Editor's note: That's why I hit the gym three times a week. Time is ticking until the big 50.
Physical strength begins to decline sooner in life than typically detected, often when people are still in their 50s, according to a study.
It suggested that efforts to maintain basic strength and endurance should begin before age 50, when it's still possible to preserve the skills that keep people mobile and independent later in life.
"Typically, functional tests are conducted on people in their 70s and 80s, and by then you've missed 40 years of opportunities to remedy problems," said Miriam C. Morey, researcher, Duke University School of Medicine in the study published in the journal Duke Health.
The researchers studied a group of 775 participants and enrolled participants ranging in age from their 30s through their 100s, with broad representation across sexes and races.
All participants performed the same simple tasks to demonstrate strength, endurance or balance: rising from a chair repeatedly for 30 seconds; standing on one leg for a minute; and walking for six minutes. Additionally, their walking speed was measured over a distance of about 10 yards.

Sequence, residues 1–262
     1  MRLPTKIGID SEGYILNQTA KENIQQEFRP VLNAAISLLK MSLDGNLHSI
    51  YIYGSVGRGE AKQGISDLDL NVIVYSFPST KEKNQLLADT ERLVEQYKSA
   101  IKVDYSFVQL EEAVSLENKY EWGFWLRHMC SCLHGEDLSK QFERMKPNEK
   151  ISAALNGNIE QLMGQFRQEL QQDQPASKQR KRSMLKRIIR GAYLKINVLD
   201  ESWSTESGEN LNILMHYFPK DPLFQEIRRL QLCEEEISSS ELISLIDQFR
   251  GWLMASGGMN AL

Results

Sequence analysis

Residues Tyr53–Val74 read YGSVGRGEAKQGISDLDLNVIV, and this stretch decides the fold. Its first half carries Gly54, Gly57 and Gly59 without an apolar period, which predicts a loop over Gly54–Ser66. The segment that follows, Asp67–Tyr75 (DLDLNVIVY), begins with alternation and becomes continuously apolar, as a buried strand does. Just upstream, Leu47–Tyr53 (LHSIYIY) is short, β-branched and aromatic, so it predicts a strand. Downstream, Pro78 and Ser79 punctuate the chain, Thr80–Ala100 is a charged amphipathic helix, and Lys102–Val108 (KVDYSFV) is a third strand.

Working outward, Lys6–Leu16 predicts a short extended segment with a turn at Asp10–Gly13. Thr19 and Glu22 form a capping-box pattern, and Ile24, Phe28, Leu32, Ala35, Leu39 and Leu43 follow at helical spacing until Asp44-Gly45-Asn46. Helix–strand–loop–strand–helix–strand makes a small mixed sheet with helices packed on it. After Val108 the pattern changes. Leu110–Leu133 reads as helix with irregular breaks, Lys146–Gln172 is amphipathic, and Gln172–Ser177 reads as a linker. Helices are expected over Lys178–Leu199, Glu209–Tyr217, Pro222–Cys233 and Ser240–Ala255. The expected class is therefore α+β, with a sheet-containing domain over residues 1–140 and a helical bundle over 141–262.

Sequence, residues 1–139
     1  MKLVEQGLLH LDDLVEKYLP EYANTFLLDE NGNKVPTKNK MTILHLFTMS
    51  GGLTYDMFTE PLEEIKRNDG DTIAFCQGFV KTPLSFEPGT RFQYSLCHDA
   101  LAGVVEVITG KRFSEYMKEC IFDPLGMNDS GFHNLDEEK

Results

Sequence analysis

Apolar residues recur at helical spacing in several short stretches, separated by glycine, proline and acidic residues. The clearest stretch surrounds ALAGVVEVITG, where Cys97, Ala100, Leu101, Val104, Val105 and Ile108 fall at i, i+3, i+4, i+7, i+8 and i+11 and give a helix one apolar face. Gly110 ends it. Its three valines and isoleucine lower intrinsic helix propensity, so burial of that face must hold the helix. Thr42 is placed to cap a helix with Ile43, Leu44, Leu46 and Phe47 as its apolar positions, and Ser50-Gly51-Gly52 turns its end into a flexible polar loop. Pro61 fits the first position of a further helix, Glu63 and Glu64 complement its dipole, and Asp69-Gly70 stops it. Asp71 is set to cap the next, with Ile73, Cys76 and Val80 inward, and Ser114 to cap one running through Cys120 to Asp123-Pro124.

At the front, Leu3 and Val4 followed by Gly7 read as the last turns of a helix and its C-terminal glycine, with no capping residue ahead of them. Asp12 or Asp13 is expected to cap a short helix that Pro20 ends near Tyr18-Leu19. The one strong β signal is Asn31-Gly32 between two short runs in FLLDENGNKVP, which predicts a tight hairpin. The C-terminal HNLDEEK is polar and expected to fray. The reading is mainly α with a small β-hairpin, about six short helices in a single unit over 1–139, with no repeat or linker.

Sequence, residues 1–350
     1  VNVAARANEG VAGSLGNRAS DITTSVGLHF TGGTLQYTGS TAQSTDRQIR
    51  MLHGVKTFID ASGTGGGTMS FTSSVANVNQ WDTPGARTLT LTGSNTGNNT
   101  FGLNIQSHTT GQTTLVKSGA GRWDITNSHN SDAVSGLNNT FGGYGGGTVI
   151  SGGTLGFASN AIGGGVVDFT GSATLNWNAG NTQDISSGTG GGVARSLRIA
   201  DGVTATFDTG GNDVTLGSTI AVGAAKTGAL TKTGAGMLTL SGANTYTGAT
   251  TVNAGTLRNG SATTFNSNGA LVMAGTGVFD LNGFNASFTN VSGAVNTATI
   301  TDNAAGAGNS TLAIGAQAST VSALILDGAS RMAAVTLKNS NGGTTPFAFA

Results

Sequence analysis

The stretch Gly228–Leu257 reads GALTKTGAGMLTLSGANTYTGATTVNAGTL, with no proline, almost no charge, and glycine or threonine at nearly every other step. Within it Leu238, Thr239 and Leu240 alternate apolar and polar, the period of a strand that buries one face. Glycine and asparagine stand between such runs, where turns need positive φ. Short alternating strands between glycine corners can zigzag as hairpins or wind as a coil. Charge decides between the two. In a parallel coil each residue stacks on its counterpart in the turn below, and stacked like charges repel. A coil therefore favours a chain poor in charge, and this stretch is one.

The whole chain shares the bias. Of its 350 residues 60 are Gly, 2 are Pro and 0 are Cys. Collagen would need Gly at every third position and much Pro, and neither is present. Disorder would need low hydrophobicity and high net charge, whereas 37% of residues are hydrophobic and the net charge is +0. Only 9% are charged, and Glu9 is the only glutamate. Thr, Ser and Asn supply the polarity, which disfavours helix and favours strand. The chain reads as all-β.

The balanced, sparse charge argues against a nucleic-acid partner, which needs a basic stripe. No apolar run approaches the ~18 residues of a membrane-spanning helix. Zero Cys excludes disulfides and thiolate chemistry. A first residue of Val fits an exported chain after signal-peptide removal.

Men generally performed better than women on the tasks and younger people outperformed older participants.
But the age at which decline in physical abilities began to appear (decade of the 50s) -- were consistent regardless of gender or other demographic features, the study revealed.
Both men and women in that mid-life decade began to slip in their ability to stand on one leg and rise from a chair.
The decline continued through the next age groups. Further differences in aerobic endurance and gait speed were observed beginning with participants in their 60s and 70s.
The study provides physical ability benchmarks that could be easily performed and measured in clinical exams, providing a way to detect problems earlier.
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"People often misinterpret 'ageing' to mean 'aged' and that issues of functional independence aren't important until later in life. The good news is that with proper attention and effort, the ability to function independently can often be preserved with regular exercise," said Katherine S. Hall, Assistant Professor, Duke University School of Medicine.